But the violent attempt to stop the electoral process has been called one of the nation’s most serious attacks on the U.S. democratic system.

Witnesses this week included former Attorney General Bill Barr and other Trump White House officials who said they tried to talk the president out of his obsession that the election was rigged in Biden’s favor. Barr said he became convinced Trump was “detached from reality.”

In other testimony, then White House attorney Eric Herschmann said he received a call from an attorney who counseled Trump about overturning the results of the elections, who asked him about “something dealing with Georgia and preserving something potentially for appeal.”

“And I said to him, ‘Are you out of your f’ing mind?’” Herschmann testified. “I said, ‘I only want to hear two words coming out of your mouth from now on: orderly transition.”’

The hearings may not be having a lot of impact. Several Trump endorsed candidates who ran on “the big lie” that the presidential election was stolen won primaries this week.

By the way, the Jan. 6 committee has altered its hearing schedule. Next week’s hearings will be held Tuesday (June 21) and Thursday (June 23). All of the hearings will start at 1 p.m. EST.

Ships ahoy

The U.S. House this week easily approved a bill Klobuchar sponsored and marshalled through the Senate.

The Ocean Shipping Reform Act, which President Biden is expected to sign into law on Thursday, aims to ease congestion at the nation’s ports; a gridlock that has resulted in increased shipping costs for exporters, including Minnesota’s agricultural producers and manufacturers. Those exporters say their shipping costs have increased four-fold in just two years.

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“Meanwhile, ocean carriers have reported record profits,” said Klobuchar. “This legislation will help level the playing field for American exporters so they can get their goods to market in a timely manner for a fair price.”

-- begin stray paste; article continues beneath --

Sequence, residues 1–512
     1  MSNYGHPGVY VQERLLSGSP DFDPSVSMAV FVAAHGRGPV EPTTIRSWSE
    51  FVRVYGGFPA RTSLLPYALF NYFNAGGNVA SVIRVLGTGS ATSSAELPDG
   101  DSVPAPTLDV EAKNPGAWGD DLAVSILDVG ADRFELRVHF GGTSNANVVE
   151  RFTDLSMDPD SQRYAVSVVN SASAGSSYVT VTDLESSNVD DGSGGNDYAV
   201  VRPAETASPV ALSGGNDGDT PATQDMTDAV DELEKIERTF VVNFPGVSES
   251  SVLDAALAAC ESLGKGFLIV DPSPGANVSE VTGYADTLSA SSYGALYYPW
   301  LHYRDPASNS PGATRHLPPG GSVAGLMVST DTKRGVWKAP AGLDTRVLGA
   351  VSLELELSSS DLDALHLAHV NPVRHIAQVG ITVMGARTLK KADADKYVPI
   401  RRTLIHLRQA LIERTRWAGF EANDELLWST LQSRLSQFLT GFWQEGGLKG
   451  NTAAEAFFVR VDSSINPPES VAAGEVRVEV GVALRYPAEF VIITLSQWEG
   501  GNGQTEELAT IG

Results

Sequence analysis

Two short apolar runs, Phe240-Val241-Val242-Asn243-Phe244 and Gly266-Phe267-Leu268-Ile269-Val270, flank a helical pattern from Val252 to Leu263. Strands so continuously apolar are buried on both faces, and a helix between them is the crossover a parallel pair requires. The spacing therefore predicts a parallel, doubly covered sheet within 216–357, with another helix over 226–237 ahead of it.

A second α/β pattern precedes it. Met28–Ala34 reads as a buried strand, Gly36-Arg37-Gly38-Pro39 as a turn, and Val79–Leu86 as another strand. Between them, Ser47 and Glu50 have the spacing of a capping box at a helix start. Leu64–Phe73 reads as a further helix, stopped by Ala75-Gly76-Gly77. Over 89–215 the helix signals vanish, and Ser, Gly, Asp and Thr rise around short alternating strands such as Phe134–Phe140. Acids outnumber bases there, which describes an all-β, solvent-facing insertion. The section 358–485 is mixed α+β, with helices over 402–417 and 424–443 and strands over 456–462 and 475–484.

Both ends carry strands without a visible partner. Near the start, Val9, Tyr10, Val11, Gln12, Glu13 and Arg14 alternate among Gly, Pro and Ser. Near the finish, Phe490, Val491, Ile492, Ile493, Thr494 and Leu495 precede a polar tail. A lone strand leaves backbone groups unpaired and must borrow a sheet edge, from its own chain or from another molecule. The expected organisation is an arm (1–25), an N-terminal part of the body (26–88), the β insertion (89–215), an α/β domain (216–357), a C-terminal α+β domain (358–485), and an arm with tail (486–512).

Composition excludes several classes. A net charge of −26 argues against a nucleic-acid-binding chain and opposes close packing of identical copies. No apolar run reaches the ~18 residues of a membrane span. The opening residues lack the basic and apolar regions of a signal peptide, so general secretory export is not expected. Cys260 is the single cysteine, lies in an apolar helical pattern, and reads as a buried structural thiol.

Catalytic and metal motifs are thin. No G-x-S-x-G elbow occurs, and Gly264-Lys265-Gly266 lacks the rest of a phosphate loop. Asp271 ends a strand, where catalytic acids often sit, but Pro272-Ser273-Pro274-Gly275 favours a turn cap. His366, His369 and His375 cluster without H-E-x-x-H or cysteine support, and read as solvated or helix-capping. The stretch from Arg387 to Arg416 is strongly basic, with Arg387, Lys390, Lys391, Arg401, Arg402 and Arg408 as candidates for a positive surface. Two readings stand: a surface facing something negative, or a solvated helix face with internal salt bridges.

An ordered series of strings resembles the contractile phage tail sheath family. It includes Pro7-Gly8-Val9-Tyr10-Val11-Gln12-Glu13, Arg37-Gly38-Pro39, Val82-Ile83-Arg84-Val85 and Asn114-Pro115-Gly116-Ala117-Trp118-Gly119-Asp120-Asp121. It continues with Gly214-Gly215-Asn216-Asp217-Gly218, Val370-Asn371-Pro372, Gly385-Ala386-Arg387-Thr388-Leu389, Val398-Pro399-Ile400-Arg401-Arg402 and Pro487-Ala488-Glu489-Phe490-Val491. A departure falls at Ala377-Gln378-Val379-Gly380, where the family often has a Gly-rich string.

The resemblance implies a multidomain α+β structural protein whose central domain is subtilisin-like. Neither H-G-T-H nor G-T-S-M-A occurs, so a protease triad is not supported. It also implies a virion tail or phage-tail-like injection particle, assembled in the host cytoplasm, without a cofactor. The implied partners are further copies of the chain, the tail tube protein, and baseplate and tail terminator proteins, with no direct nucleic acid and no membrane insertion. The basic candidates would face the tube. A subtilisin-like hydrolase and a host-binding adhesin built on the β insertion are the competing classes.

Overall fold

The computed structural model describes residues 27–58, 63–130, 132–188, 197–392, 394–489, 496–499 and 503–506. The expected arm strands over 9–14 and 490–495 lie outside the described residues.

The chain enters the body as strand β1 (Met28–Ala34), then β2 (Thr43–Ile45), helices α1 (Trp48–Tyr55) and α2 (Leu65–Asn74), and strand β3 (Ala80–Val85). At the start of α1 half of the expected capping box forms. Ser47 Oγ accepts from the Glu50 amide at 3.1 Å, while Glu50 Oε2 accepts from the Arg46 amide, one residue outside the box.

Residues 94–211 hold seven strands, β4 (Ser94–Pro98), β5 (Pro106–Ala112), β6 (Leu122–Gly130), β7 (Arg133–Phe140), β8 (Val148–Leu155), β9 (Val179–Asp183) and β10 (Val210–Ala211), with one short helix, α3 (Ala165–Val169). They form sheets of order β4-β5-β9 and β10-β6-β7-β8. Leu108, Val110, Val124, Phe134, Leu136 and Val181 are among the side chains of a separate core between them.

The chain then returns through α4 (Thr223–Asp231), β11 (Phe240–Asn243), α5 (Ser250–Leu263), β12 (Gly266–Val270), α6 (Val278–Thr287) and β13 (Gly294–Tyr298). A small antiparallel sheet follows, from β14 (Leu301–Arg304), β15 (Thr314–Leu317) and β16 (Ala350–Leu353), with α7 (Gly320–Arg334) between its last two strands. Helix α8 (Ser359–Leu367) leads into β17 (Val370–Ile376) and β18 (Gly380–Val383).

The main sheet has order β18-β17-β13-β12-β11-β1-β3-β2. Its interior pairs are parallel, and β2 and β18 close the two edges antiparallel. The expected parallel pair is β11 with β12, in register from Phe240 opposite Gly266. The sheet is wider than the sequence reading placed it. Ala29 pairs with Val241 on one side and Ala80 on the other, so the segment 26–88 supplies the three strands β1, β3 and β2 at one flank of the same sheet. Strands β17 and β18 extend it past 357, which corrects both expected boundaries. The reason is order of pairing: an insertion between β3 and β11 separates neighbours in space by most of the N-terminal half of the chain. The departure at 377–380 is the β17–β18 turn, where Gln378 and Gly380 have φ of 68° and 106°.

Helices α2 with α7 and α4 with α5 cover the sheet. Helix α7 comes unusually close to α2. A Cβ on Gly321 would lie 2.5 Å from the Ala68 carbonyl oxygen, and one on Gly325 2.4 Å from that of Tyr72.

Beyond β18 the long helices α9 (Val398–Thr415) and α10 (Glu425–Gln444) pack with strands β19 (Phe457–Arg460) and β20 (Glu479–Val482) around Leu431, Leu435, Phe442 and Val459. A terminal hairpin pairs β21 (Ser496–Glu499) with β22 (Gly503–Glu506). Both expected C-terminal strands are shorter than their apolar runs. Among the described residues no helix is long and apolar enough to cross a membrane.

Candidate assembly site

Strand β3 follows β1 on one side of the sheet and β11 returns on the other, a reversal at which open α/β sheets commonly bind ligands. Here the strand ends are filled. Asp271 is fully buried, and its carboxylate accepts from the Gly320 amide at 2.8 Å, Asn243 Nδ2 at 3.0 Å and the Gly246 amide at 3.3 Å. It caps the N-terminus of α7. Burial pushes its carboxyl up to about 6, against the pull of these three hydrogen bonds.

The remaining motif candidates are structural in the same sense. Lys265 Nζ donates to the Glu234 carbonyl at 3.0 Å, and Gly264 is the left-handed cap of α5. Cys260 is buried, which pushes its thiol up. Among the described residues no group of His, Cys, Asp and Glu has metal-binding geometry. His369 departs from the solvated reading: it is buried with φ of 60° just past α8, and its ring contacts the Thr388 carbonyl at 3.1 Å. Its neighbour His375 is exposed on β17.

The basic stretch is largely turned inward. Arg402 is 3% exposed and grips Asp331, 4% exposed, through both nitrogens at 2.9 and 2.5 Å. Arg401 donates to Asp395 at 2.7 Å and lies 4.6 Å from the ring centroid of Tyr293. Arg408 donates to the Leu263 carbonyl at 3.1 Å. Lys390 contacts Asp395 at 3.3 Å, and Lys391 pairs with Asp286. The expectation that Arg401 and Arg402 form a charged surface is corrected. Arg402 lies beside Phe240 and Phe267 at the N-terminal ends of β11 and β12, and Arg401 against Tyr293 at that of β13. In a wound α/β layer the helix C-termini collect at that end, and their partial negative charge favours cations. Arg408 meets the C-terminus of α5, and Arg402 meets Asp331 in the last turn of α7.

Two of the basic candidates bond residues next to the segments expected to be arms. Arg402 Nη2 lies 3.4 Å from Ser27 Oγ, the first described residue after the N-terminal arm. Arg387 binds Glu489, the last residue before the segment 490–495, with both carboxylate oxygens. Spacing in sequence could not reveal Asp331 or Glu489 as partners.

The legislation would boost the investigatory authority of the Federal Maritime Commission, (FMC), the U.S. agency that oversees ocean shipping, and increase industry transparency.

Co-sponsored by Sen. John Thune, R-S.D., the bipartisan bill would make it harder for ocean carriers to unreasonably refuse goods ready for export at American ports.

Biden this week said Klobuchar’s bill “will make progress reducing costs for families and ensuring fair treatment for American businesses.”

“During the pandemic, ocean carriers increased their prices by as much as 1,000%. And, too often, these ocean carriers are refusing to take American exports back to Asia, leaving with empty containers instead,” Biden said. “That’s costing farmers and ranchers—and our economy—a lot of money.”

 From the Chauvin case to the federal bench

Jerry Blackwell, the attorney who helped the state during the trial of former Minneapolis police officer Derek Chauvin, was nominated this week to serve on the U.S. District Court for the District of Minnesota.

Minnesota Attorney General Keith Ellison tapped Blackwell to help in the prosecution of Chauvin, who killed George Floyd – kneeling on him while handcuffed for more than nine minutes –during an attempted arrest. Blackwell worked pro-bono on the Chauvin case.

The attorney is a founding partner of Blackwell Burke, where he has worked since 2006. From 2000 to 2006, Blackwell was a partner at Blackwell Igbanugo in Minneapolis. He’s also worked as a partner at several other law firms and is the founder of the Minnesota Association of Black Lawyers and the Twin Cities Committee on Minority Lawyers in Large Law Firms.

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Blackwell is expected to win Senate confirmation. But it might take a while. There are 35 pending judicial nominees. Of those, 17 are waiting for floor votes, four are waiting to be reported out of the Senate Judiciary Committee, and seven are waiting for hearings before the committee.

Blackwell received both his law and undergraduate degrees from the University of North Carolina at Chapel Hill.

That St. Paul-based court hears federal cases from across the state.